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decadent, inhuman…

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Wow. A roundtable on the “Condition of the Novel” from a 1965 issue of NLR. I’ve only read the Robbe-Grillet contribution so far. He’s getting, here, a bit testy with the commies:

The comparison which has been made during this conference between the novelist and the airline pilot is no more than a joke. The novel is not a means of transport, it is not even a means of expression—by which I mean that it knows in advance the truths or the questions which it sets out to express. The novel, for us, means search which does not even know what it is searching. The pilot of course must know where his passengers are bound, and the shortest route; The writer by definition does not know where he is going. And so, if I had absolutely to answer the question of why I write, I would simply say: ‘I write to try to understand why I feel the desire to write.’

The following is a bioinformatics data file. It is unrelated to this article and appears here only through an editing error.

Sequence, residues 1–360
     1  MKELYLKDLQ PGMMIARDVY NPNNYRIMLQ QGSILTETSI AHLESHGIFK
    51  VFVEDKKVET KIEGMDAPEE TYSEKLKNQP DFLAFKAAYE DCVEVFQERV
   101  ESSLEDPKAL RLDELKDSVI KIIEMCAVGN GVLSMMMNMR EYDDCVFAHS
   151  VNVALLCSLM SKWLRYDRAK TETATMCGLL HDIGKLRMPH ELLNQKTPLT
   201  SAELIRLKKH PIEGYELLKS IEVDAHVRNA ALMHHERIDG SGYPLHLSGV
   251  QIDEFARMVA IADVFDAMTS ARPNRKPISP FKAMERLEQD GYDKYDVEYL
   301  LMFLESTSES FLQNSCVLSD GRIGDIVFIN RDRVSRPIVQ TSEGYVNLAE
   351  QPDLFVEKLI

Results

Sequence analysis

But what seems most scandalous to us, is to find the socialist camp sharing the illusions of the bourgeois world, about the political power of art, sharing the same cult of obsolete artistic forms, the same language in which to couch its criticism, and in the end the same values.

‘Decadent’ you say? In relation to what? ‘Inhuman’? Isn’t it rather your conception of man which needs revivifying? It is understandable that bourgeois critics in the West persist (although more timidly than you) in defending literary forms which embody for them the golden age of the novel and of the propertied class. But what we find bizarre is that you are fighting the same cause, and that you can talk about innocent and natural writing when Gustave Flaubert began to have doubts about this in 1848.

You accuse us of ‘formalism’, but it is the literary form that expresses a work’s true meaning; and we know precisely that the forms which you advocate are representative of a world which you are supposed to be fighting.

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December 14, 2006 at 8:25 am

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